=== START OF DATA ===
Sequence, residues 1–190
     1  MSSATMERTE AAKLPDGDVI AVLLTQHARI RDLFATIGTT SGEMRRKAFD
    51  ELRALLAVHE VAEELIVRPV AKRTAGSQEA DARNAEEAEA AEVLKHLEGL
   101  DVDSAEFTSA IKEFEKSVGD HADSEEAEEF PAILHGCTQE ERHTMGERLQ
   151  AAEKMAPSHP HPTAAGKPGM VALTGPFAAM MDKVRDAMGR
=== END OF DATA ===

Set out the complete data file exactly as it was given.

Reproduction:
Sequence, residues 1–190
     1  MSSATMERTE AAKLPDGDVI AVLLTQHARI RDLFATIGTT SGEMRRKAFD
    51  ELRALLAVHE VAEELIVRPV AKRTAGSQEA DARNAEEAEA AEVLKHLEGL
   101  DVDSAEFTSA IKEFEKSVGD HADSEEAEEF PAILHGCTQE ERHTMGERLQ
   151  AAEKMAPSHP HPTAAGKPGM VALTGPFAAM MDKVRDAMGR